If your doctor thinks the growth may be cancer, they may take a small sample of tissue (a biopsy). The tissue sample will be sent to a laboratory and examined under a microscope. Your doctor will let you know whether the sample shows any cancer cells or not, and will recommend appropriate treatment if necessary.
How are squamous cell carcinomas treated?
Treatment of squamous cell carcinoma depends on its type, size and location and other factors, such as your preference.
- surgical removal of the cancer (this is the most common treatment method)
- freezing it with liquid nitrogen
- topical therapies (creams)
- photodynamic therapy (a specialist treatment using light to activate creams).
If you have a squamous cell carcinoma, talk with your doctor about which treatment option is best for you. Treatment has a high success rate, provided the skin cancer is found at an early stage. Your doctor may want to schedule a future appointment to check for new lesions.
Read more about skin cancer treatment.
How can I prevent squamous cell carcinoma from coming back?
Most squamous cell carcinomas can be treated and cured. However, it is possible for these types of cancers to recur or for new skin cancers to appear.
Do the following to reduce the risk of new cancers occurring:
- Keep all follow-up appointments with your GP or skin specialist.
- Regularly check all your skin (from head to toe). If you see anything that is growing, bleeding or in any way changing, go and see your doctor straight away. See skin checks.
- Protect your skin from the sun and avoid indoor tanning. This is essential to prevent further damage, which will increase your risk of getting another skin cancer.
Ways to protect your skin
- Avoid outdoor activities when the sun is strongest – between 10am and 4pm from September to April in New Zealand.
- Wear sunscreen and lip balm daily that offer SPF 30 or higher sun protection.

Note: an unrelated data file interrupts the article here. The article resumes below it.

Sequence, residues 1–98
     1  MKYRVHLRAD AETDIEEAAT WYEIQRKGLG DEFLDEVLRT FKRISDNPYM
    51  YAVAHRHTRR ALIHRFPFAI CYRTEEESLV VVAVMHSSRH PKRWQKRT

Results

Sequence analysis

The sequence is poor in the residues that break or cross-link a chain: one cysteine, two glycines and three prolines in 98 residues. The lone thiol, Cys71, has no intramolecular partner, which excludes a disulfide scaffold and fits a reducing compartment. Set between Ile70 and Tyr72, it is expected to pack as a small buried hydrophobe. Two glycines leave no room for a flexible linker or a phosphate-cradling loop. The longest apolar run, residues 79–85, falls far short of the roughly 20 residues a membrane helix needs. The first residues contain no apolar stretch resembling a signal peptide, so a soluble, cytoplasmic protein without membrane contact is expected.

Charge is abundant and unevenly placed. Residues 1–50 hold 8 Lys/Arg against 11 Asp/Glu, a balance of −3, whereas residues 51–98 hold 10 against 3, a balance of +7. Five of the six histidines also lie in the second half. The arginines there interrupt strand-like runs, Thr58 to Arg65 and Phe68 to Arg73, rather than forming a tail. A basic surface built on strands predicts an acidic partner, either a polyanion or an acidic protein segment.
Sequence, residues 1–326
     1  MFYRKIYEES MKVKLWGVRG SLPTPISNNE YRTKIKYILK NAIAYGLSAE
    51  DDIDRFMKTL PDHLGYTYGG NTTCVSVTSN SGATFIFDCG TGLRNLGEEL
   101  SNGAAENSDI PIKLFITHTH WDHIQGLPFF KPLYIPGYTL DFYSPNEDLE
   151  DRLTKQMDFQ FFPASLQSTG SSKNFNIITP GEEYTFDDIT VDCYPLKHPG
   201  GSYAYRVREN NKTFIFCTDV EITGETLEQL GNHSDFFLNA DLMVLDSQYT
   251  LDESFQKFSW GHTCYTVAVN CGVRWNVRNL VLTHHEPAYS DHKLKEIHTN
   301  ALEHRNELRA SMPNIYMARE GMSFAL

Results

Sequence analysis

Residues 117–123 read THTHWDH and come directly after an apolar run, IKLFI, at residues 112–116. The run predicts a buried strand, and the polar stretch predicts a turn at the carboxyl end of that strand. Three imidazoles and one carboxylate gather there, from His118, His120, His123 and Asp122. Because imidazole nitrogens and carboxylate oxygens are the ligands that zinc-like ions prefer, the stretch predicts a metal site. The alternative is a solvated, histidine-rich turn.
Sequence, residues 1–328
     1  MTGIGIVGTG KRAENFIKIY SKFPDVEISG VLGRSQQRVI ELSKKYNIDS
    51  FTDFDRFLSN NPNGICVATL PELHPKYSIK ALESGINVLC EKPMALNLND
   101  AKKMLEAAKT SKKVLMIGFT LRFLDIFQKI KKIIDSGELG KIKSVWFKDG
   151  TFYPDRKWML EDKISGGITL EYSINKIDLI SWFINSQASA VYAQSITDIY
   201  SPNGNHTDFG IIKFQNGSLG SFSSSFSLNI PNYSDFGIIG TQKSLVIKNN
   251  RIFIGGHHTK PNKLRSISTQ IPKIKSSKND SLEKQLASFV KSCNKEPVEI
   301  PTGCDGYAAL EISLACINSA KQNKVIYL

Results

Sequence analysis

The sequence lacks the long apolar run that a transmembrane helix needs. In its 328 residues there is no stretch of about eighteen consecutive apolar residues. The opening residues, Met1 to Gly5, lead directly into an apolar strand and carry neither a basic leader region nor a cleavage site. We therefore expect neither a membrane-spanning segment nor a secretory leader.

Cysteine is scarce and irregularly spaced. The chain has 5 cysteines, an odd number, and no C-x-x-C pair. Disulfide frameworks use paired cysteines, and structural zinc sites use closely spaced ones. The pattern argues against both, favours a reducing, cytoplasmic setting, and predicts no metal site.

- Use sunscreen that offers broad-spectrum (UVA/UVB) protection and is water resistant.
- Apply the sunscreen and lip balm to dry skin 15 minutes before going outdoors.
- Apply the sunscreen to every part of your body that will not be covered by clothing. Reapply it every 2 hours if you are swimming or sweating.
- Whenever possible, wear a wide-brimmed hat, long sleeves and long pants.
- Wear sunglasses to protect the skin around your eyes.
- Avoid getting a tan and never use a tanning bed or sun lamp.
See also sun safety.
Squamous cell carcinoma of the skin DermNet NZ
Squamous cell carcinoma patient information sheet British Association of Dermatologists, 2012
Squamous cell carcinoma The Skin Cancer Foundation, US, 2015
Skin cancer information The Skin Cancer Foundation, US, 2015
- Motley RJ, Preston PW, Lawrence CM. Multi-professional guidelines for the management of the patient with primary cutaneous squamous cell carcinoma British Association of Dermatologists, UK, 2009
|Dr Alice trained as a GP in the UK and has been working in New Zealand since 2013. She has undertaken extra study in diabetes, sexual and reproductive healthcare, and skin cancer medicine. Alice has a special interest in preventative health and self-care, which she is building on by studying for the Diploma of Public Health with the University of Otago in Wellington.|